The upgrade to NICS will also improve investigators’ ability to notify local law enforcement when prohibited purchasers try to get their hands on a gun. While lying on a background check form is itself a crime, it’s rarely prosecuted; federal law enforcement usually only pursues these cases when they involve fugitives. Since NICS launched in 1998, more than 650,000 people have been turned down for gun purchases for having a criminal record, but a study by Syracuse University found that U.S. attorneys only pursue 100 to 200 cases per year with lying to acquire a gun as the lead charge.
Right now, notices of failed background checks usually don’t reach local law enforcement. If more police departments were notified about denied sales — as Obama is pushing for — they could use them as opportunities to intervene once informed that a felon or a domestic abuser is in the market for a deadly weapon.
Some states that augment NICS with their own instant background check systems already make a point of looking into those denied purchasers, with public safety benefits. When someone fails a check in Pennsylvania and the state police believe they’ve lied to obscure a criminal history, its firearms division notifies local authorities. Trooper Adam Reed, a spokesman for the State Police, says that in 2014, failed background checks in Pennsylvania resulted in 4,154 cases referred for further investigation, 782 arrests, and 367 convictions. Reed says these investigations are important because “it’s a way of ensuring people know they’re going to be held accountable” for trying to get ahold of guns illegally. A similar practice is in place in Virginia.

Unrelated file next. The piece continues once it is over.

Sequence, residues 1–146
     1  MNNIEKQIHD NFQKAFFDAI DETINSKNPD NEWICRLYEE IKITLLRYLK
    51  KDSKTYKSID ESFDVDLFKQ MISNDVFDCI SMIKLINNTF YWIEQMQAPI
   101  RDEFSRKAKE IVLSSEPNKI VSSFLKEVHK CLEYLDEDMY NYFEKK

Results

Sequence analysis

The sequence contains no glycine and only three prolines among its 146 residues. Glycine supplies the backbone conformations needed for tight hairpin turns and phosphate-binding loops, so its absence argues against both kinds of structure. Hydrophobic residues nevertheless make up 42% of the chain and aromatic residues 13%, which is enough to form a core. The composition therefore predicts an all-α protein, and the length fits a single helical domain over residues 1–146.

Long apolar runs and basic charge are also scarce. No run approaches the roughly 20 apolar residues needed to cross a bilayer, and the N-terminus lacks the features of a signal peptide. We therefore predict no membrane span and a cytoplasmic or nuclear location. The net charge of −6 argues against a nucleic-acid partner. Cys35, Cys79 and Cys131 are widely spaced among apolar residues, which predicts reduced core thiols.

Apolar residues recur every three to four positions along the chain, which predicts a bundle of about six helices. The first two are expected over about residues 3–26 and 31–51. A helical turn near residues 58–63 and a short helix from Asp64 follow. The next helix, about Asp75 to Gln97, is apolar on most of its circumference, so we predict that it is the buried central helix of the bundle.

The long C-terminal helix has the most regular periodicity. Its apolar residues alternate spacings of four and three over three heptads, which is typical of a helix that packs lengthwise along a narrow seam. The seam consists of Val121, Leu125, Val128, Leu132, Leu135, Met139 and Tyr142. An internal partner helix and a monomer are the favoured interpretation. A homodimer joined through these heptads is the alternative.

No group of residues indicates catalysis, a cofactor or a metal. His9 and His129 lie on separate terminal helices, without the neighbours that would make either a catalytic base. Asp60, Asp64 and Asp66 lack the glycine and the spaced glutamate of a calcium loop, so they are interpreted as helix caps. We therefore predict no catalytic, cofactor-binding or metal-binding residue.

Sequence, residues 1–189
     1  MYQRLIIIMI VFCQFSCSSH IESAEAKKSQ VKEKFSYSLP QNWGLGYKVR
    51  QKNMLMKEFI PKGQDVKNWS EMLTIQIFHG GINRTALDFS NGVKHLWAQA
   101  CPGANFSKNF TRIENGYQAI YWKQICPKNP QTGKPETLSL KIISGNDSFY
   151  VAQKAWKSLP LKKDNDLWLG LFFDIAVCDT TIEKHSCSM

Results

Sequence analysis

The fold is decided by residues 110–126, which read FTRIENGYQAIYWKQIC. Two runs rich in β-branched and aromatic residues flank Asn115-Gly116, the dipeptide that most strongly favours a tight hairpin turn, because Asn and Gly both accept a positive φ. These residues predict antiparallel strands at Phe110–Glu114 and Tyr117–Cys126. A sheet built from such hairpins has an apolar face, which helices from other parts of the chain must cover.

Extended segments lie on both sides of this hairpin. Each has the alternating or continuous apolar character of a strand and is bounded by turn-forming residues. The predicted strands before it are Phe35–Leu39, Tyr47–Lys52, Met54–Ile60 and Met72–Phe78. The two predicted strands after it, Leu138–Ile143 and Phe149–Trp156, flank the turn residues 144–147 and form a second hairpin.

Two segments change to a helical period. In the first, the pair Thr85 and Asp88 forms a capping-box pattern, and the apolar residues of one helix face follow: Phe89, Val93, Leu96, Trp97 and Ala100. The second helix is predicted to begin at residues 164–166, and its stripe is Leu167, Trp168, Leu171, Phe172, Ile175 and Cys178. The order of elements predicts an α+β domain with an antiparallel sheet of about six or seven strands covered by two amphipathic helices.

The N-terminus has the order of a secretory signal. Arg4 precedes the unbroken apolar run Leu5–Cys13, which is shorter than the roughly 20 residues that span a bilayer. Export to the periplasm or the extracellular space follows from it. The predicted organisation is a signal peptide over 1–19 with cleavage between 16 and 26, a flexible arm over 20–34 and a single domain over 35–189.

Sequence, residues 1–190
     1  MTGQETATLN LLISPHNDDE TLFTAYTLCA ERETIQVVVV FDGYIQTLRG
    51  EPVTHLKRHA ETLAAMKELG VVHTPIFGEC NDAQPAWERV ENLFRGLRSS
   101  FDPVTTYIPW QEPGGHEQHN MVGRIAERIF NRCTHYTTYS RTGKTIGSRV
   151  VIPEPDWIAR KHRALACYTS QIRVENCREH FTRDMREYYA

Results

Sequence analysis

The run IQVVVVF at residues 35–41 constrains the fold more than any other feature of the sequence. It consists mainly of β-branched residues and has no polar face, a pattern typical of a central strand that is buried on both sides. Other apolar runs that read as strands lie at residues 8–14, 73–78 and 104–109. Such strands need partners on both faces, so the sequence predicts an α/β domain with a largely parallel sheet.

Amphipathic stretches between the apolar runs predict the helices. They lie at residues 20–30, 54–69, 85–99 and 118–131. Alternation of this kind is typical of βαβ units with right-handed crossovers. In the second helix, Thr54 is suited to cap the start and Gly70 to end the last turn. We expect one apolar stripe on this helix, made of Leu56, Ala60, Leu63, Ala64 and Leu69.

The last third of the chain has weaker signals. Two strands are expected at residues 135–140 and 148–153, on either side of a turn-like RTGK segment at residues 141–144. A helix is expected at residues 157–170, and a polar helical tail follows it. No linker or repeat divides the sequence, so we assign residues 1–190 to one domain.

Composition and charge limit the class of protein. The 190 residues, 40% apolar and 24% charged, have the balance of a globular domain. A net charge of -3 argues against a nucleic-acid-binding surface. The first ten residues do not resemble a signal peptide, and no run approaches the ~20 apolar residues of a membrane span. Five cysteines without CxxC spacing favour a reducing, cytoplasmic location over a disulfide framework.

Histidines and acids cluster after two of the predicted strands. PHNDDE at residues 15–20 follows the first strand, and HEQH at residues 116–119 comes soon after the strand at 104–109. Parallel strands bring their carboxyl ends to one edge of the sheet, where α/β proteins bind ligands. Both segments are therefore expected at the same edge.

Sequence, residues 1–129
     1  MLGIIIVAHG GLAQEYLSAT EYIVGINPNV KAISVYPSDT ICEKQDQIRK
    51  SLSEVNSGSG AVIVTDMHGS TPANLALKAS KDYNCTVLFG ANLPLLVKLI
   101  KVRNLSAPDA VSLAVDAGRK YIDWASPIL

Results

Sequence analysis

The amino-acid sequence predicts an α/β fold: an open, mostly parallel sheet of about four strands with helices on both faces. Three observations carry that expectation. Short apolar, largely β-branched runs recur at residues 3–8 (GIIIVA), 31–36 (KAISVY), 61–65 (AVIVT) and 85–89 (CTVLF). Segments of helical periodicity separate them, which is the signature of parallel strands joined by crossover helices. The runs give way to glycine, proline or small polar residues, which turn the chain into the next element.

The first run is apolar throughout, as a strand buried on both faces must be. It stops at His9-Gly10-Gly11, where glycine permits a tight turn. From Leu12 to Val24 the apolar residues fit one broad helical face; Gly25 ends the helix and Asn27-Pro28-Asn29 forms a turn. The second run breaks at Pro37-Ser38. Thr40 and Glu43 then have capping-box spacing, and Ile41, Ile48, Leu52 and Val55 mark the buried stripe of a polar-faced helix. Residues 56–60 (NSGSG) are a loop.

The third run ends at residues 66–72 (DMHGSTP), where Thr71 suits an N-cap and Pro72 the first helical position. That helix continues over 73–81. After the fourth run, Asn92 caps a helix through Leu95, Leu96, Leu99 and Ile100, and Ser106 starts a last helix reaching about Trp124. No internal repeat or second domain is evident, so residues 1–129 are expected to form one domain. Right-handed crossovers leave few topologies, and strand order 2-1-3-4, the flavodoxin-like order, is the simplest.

Obama’s new executive orders are incremental measures. They are far more modest than the sweeping reform pursued in the failed 2013 Manchin-Toomey background check bill (itself the product of much compromise), and no where near activists’ holy grail of gun safety measures, universal background checks. But executive priorities are important on their own. As documented extensively by Lawrence Wright in his book The Looming Tower, Islamic terrorism was largely an afterthought for President George W. Bush until September 11, 2001. After the attack on the World Trade Center, counterterrorism efforts became an overwhelming priority for the FBI and other law enforcement agencies: individual cases were part of a larger strategy of confronting a national crisis. Obama’s week of policy pronouncements and public statements communicate the message that gun violence is a similar crisis, and the White House is prodding institutions to set the foundation to more effectively address it over the long haul.
[Photo: AP Photo/Matt Stroud]